Thanks for pointing out the establishment of the Ambasz Institute, which I think is really a huge achievement for our department and for the museum at large. I’m convinced that this will help give us the means to position ourselves as a leader in this absolutely necessary transformation—not only of institutions but of the way we build and the way we inhabit space on a very broad scale. What can a curatorial department do? On the one hand, we can provide a platform for conversation. We can use the amazing reach that MoMA has as a museum but also as an online presence, where we reach many people around the world, to articulate loud and clearly that this is the key issue architecture—and our whole civilization—must address. This is a matter of life and death, and we need to talk about it, and we are going to force all of us to think about this matter. But more than just a convener of conversation, as a curatorial department we can also articulate imaginaries—to give people an idea of what a future of non-extractive existence on this planet could look like, how architecture can be harnessed toward this objective. That’s what historically MoMA has always been good at. It was founded with the idea of projecting for a relatively conservative American audience a vision, an image, of what modern living could look like. So many of our postwar initiatives were precisely about that: giving the everyday American museum visitor an understanding of what a better or different future could look like. This sounds a little bit idealistic, but I fundamentally believe that we have this responsibility to project an image of a changed future.
When I think of MoMA, and of modernism generally, I think of utopianism. Of course, these visions are very often compromised when it comes to implementing a reality. MoMA’s 2019 update refashioned the building to be a better environmental steward. It achieved a LEED Platinum rating. At the same time, LEED and other rating systems have been criticized for being vulnerable to subversion and are often used more for greenwashing. In putting up shows that seek a vision for a future, do you feel a certain responsibility to hew closer to reality or do you think future visions should be as utopian as possible?
Utopia, the way we understand it and the way that it’s often been criticized, was often a failure because it was driven by technology. We can use technology for the betterment of the world—technology in the broader sense, not just technological innovation but also the management of societies—but I think we are at a point in the history of civilization where we are aware of the incredible pitfalls and dangers of this [mindset]. And so I would say what we need are humbler utopias, which is a contradiction in terms. And I would even say that projecting imaginaries necessarily has to mean projecting utopias. You introduced the word utopia. I prefer the term imaginary because I think it’s possible to imagine different futures, and in fact it’s necessary to imagine different futures without adhering to the old techno-utopian drive, of which I’m personally relatively skeptical myself, which doesn’t mean I don’t think we can use technology to solve some problems, but I think for the specific issue of the climate crisis something different and more radical will be necessary. In terms of MoMA’s commitment, I know from the conversations that we have in the institution and from [director] Glenn [Lowry]’s vision that the dedication and commitment to really working toward such a different future and how MoMA can contribute goes much further than the LEED certification. We have a sustainability officer in place, Jean Savitsky, looking for how we are drastically reducing waste, how we are much less dependent on the grid, consuming less energy. The whole picture is being reassessed. It’s a really exciting initiative that we are embarking on.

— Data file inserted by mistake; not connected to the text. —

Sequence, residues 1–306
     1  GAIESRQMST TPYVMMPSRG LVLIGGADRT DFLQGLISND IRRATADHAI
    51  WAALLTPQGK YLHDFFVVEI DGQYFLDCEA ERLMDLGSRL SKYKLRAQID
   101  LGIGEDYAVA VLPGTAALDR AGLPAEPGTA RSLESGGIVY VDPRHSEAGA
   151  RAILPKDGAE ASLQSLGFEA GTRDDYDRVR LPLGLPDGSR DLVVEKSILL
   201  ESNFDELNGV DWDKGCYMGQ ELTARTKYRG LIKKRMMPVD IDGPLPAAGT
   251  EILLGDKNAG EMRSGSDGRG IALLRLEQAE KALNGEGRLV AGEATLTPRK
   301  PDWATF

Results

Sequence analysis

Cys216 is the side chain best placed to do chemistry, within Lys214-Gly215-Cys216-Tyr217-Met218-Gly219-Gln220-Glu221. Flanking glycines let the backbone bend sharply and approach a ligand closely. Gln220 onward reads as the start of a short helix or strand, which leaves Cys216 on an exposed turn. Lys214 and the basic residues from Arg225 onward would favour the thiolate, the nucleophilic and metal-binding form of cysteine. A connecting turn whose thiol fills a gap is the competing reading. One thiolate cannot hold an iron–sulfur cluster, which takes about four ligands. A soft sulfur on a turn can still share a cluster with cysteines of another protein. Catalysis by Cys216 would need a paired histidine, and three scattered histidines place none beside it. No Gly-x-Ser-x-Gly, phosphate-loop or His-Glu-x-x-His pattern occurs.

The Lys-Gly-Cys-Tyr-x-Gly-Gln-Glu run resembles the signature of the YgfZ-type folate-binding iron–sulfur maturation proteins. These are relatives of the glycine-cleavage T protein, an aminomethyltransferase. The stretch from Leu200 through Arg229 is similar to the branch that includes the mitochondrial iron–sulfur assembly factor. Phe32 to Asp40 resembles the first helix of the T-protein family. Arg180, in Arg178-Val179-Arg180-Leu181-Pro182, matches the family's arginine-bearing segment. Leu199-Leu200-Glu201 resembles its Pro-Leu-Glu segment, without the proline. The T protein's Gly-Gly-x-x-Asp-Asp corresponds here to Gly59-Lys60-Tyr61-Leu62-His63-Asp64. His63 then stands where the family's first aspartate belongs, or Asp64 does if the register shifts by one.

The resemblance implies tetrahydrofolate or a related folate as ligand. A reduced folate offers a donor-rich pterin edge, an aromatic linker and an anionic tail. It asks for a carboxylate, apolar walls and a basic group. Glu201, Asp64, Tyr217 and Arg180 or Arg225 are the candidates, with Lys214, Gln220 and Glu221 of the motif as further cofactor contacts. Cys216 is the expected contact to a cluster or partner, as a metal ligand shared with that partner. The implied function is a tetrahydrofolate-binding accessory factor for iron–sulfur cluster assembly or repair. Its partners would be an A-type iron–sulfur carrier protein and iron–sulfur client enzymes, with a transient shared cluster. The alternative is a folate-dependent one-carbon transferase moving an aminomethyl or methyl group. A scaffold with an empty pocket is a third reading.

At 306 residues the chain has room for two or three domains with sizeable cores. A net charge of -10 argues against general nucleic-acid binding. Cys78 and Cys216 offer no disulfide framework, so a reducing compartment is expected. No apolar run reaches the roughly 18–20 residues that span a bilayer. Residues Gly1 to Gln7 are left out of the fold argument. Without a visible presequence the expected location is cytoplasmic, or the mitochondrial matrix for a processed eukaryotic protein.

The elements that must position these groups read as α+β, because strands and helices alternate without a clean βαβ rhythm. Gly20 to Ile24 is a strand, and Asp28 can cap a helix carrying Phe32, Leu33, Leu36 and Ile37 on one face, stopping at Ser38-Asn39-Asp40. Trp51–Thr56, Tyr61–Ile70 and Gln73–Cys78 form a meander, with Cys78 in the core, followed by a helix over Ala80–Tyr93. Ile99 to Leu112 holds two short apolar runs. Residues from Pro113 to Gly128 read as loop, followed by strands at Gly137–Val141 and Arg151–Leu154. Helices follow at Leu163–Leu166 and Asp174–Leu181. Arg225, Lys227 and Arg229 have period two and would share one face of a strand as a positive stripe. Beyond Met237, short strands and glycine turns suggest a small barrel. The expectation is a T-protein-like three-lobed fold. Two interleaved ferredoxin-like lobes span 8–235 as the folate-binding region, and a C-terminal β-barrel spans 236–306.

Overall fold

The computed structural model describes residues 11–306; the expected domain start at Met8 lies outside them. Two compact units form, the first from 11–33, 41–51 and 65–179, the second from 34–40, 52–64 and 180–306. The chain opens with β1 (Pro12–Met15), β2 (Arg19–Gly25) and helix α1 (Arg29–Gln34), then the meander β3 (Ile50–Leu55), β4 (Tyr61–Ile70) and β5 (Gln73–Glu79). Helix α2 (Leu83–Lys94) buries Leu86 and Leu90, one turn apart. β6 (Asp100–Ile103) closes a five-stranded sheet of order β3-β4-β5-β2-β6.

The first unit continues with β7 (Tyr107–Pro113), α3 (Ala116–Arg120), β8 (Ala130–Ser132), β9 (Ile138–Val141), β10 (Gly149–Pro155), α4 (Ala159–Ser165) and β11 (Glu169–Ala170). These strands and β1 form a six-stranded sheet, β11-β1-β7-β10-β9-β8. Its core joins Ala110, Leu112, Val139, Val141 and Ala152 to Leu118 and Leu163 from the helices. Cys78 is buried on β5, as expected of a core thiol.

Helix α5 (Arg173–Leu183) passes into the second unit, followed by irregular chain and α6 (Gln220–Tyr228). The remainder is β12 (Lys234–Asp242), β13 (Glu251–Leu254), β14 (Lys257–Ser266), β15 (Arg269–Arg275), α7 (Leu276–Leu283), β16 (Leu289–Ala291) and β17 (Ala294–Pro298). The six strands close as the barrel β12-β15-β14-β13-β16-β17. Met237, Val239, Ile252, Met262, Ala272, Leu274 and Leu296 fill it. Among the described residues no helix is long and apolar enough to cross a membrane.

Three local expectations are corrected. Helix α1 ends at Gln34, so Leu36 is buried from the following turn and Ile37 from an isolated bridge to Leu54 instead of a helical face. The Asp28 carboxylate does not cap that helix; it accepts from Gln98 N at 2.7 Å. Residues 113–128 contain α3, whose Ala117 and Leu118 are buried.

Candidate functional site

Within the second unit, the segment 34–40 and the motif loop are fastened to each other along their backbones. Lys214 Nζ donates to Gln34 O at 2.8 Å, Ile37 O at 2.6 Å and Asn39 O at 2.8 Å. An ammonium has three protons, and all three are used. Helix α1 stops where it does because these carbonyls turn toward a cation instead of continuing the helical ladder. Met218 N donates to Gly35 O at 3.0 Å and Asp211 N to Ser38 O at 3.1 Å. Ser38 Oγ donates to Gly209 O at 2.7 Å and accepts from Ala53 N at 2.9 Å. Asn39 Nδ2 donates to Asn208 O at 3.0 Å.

If you think of the climate crisis as being the prime motivating driver in architecture today, where would you see form, style, mood, material—all the things we love about architecture and experiencing buildings. How does that fit into our drive to create a more ecologically attuned built environment?
Well, that’s what I meant by projecting imaginaries. In the end, I think we are committed to thinking of architecture in terms of a cultural conversation. We ourselves as curators are not going to resolve the technical issues, but what we can do is to encourage designers to think about giving form to these programs and these technologies. Very much in line with how the avant-gardes in the early 20th century were giving shape to the impact of the Industrial Revolution and how it transformed the building industry through an incredible formal language. I do think we are on the cusp of such a moment. I’m not saying this is going to lead to a totally revolutionary new formal repertoire, but I do think this ecological recalibration will require new formal innovation.
In addition to the climate crisis, the racial reckoning and calls for greater diversity and access are changing architectural discourse. Museums in general have also drawn criticism lately for not doing enough to address these issues. What do you think is the role of an institution like MoMA, and the A&D department specifically, in addressing these concerns, both internally as well as through the curatorial programs?
Speaking from the point of view of the curatorial program, we do this through our commitment to not only expanding the Western canon as it’s been established, not least through MoMA, but also to destabilize it by looking at figures and places and themes that have been underrepresented or even systematically written out of the canon. Toward a Concrete Utopia was a reassessment of modernism from an Eastern, socialist perspective, and Project of Independence brings to the fore a generation of South Asian architects who have never had this kind of platform until recently. Doshi is a household name, but that’s a relatively recent phenomenon. I’m also thinking of the ongoing exhibition Reuse, Renew, Recycle: Recent Architecture from China, which brings in work from a part of the world that has not previously been represented in MoMA’s collection; and [the show] also looks at [this context] through the lens of sustainability. I also want to mention Reconstructions: Architecture and Blackness in America from the spring, which marked the first time that MoMA gave space to African American architects and their thinking on where we stand in our cultural conversation. So I would say our curatorial program over the last few years has been very consistently directed toward inclusivity and rethinking critically the role that MoMA itself has played in a politics of exclusion.